The first thing we need to do is collect network streams so we can analyze them. In absence of a better data set, we’ll be using the DARPA Intrusion Detection Evaluation 2000 data set: It’s not very interesting but it does have a fair amount of complete smtp connections so it is adequate for demonstrating what we want to do. It's also freely available so you can follow along on your own if you want.

The Basics

First of all, like tcpdump, to collect network data from a live capture device, you use the -i option. To replay dead packets, ex. pcap file, the -r option is used. In this example, we’ll be replaying pcaps but the same techniques demonstrated would work equally well on a live network analyzer.

Next, we need to specify where to put the data. The -t option does this. If you don’t specify anything, stream files end up in your current working directory. If you’re going to be spooling raw streams to disk for archival, specifying a directory on disk is fine. However, if you are going to be processing the streams and selectively writing small portions the data to disk/DB, spooling the streams to ramdisk of some sort is often the right thing to do. /dev/shm is the location of a tempfs mount common on modern linux distros which works perfect for this purpose.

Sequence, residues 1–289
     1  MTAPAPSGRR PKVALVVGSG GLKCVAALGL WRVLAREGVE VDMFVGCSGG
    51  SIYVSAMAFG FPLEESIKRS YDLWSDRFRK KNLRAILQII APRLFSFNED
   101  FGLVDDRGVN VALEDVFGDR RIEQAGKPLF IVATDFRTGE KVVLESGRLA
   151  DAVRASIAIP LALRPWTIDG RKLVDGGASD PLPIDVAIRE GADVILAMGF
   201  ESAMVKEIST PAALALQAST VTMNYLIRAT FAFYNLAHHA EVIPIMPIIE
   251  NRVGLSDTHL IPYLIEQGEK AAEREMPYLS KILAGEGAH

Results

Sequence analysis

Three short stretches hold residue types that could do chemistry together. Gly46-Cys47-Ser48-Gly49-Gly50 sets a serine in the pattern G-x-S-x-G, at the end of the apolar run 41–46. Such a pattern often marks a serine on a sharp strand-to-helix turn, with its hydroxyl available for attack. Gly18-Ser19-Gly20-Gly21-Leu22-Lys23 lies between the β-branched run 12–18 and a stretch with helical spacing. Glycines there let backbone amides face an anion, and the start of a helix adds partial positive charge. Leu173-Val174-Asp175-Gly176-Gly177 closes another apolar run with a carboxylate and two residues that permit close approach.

Since we’re going to concern ourselves with SMTP for the moment, we’ll use a BPF of “tcp port 25”. There are some issues with doing this that we’ll address in one of the other articles in this series.

So to extract the streams we’re interested in we’d do the following:
$ mkdir streams
$ vortex -r outside.tcpdump -f "tcp port 25" -t streams
Couldn't set capture thread priority!


We’ve extracted all the relevant tcp streams from the pcap and stored them in files. At this point, we haven’t done anything that couldn’t be done just as easy with a myriad of other tools such as tcpflow, tcpick, etc so lets keep moving.

Since we’re interested in characterizing the smtp client (relay forwarding an email), let’s look at an example stream showing data transmitted from the client to the server:

$ head -n 15 streams/
MAIL From: <>
RCPT To: <>
Received: (from mail@localhost) by (SMI-8.6/SMI-SVR4)
id: CAA16711; Sat, 7 Aug 1999 14:19:07 -0400
Date: Sat, 7 Aug 1999 14:19:07 -0400
Subject: To Introduction exposes us an object
Message-Id: <19990807141907.caa16711>

To Introduction exposes us an object can cause
The type your own memory improved over The
normal density classifier parameters; and

Let’s say for the sake of this exercise, we’re interested in the HELO command (some clients start with HELO and some lead off with EHLO), the sender’s domain (usually each smtp relay forwards mail for a relatively small number of domains, often only one), and the relay server's hostname and software name as reported in the first received line.